This live coverage has ended. Continue reading election news from November 8, 2020
Joe Biden became president-elect Saturday after winning Pennsylvania, NBC News has projected.
In first days in office, Biden to sign executive orders reversing Trump actions
WILMINGTON, Del. — A senior campaign official for President-Elect Joe Biden confirmed Saturday night that Biden will make good on his longstanding promise to immediately sign a number of executive orders aimed at reversing several of President Donald Trump’s unilateral actions.
The Washington Post reported Saturday on a flurry of executive actions Biden has planned for his first days in office — most already announced through various policy rollouts made during the long campaign. Those actions will include rejoining the Paris climate accords and reversing Trump's withdrawal from the World Health Organization, the Post reported, citing those close to his campaign and commitments he has made in recent months.
Biden will officially launch his transition on Monday and will name his coronavirus task force, which he mentioned in his acceptance speech.
“Folks our work begins with getting Covid under control…on Monday I will name a group of leading scientists and experts as transition advisers to help take the Biden-Harris Covid plan and convert it into an action blueprint that will start on January 20th 2021,” Biden said Saturday night.
Marianna Sotomayor, Deepa Shivaram, Amanda Golden, Molly Roecker, Elyse Perlmutter-Gumbiner, Gary Grumbach and Winston Wilde contributed to this report.
'Touched' to be included, says tweet from Tom Petty's account
Biden broadcast to an empty White House briefing room
Clinching victory, President-elect Biden declares 'time to heal in America'
President-elect Joe Biden addressed the nation Saturday night for the first time after winning the White House, delivering a message of unity and healing to a bitterly divided nation.
Biden promised the captivated crowd of supporters at his campaign headquarters “to be a president who seeks not to divide, but to unify."
"To make progress, we must stop treating our opponents as our enemy. We are not enemies. We are Americans," he said.
"This is the time to heal in America," Biden added, amid a chorus of blaring car horns and screams. He vowed to "work with all my heart for the confidence of the whole people. To win the confidence of all people."
Biden spoke at a drive-in rally outside the Chase Center on the Riverfront, in Wilmington, Del., where 360 cars, the campaign said, had gathered. As he spoke, supporters of all ages sat atop their cars, inside their vehicles, or beside them, yelling, screaming, cheering and pumping their car horns in enthusiastic support of the man on stage.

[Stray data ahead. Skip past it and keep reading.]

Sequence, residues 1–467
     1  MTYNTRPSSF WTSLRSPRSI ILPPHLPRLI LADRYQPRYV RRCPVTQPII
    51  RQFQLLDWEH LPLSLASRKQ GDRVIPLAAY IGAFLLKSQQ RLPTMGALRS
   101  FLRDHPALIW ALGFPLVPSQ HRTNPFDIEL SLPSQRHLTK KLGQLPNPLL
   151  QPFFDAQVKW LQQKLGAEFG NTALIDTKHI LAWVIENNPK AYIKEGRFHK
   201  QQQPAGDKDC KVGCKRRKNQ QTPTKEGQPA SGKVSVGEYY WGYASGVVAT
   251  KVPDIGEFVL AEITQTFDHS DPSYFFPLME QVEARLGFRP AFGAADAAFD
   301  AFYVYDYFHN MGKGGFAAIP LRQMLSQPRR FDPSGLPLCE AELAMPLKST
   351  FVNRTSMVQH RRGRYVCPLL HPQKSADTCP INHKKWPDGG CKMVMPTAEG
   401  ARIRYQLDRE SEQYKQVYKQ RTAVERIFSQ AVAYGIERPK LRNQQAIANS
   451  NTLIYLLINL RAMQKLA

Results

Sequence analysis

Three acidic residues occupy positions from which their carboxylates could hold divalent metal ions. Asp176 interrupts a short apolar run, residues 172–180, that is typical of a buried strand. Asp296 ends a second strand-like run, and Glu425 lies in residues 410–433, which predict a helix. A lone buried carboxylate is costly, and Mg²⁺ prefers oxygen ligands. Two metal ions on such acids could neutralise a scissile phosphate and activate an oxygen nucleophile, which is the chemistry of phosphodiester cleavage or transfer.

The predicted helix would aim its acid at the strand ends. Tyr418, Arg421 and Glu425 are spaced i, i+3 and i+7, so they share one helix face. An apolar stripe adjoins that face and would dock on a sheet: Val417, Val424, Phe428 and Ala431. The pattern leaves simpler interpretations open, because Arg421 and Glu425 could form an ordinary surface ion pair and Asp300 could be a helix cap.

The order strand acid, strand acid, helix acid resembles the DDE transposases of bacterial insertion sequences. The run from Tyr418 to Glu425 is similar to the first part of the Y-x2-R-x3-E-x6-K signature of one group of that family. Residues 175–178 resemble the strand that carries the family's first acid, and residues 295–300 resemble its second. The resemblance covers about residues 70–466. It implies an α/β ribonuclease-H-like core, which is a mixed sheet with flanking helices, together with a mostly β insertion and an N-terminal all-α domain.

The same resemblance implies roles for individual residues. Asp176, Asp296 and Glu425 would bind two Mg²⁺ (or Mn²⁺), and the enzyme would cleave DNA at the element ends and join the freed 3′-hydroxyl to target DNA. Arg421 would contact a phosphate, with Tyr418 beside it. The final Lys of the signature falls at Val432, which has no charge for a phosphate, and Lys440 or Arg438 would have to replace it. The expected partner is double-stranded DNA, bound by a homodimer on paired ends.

Biden and Harris celebrate after speeches to the nation
Democrats react to Biden, Harris speeches
Biden elevates trans voters as members of his diverse coalition
Both Biden and Harris acknowledged in their speeches Saturday night the diverse coalition of voters who propelled the pair to apparent victory over President Trump.
In what could be a first for any president, Biden singled out trans voters as one of the many groups that helped him take the White House: “Democrats, Republicans, independents, progressives, moderates, conservatives, young, old, urban, suburban, rural, gay, straight, transgender, white, Latino, Asian, Native American.”
Biden to Black Americans: I have your back
President-elect Joe Biden on Saturday thanked Black voters, who were a key to his nomination and election to the White House.
Biden's stumbling campaign for the Democratic nomination was resuscitated by a win in the South Carolina primarily, fueled by Black voters. And then African-American support was key in narrow wins in Wisconsin, Michigan and Pennsylvania this week.
“And especially in those moments when this campaign was at its lowest ebb — the African American community stood up again for me," Biden forcefully told supporters in Wilmington, Delaware. "They always have my back, and I’ll have yours.”
Biden and Harris thank poll workers in victory speeches
Following several days of tense ballot counting throughout the country, both President-elect Joe Biden and Vice President-elect Kamala Harris thanked poll workers in their victory speeches Saturday night.
"To all those who volunteered, worked the polls in the middle of this pandemic, local election officials — you deserve a special thanks from this nation," Biden said.
Harris added that the "nation owes you a debt of gratitude."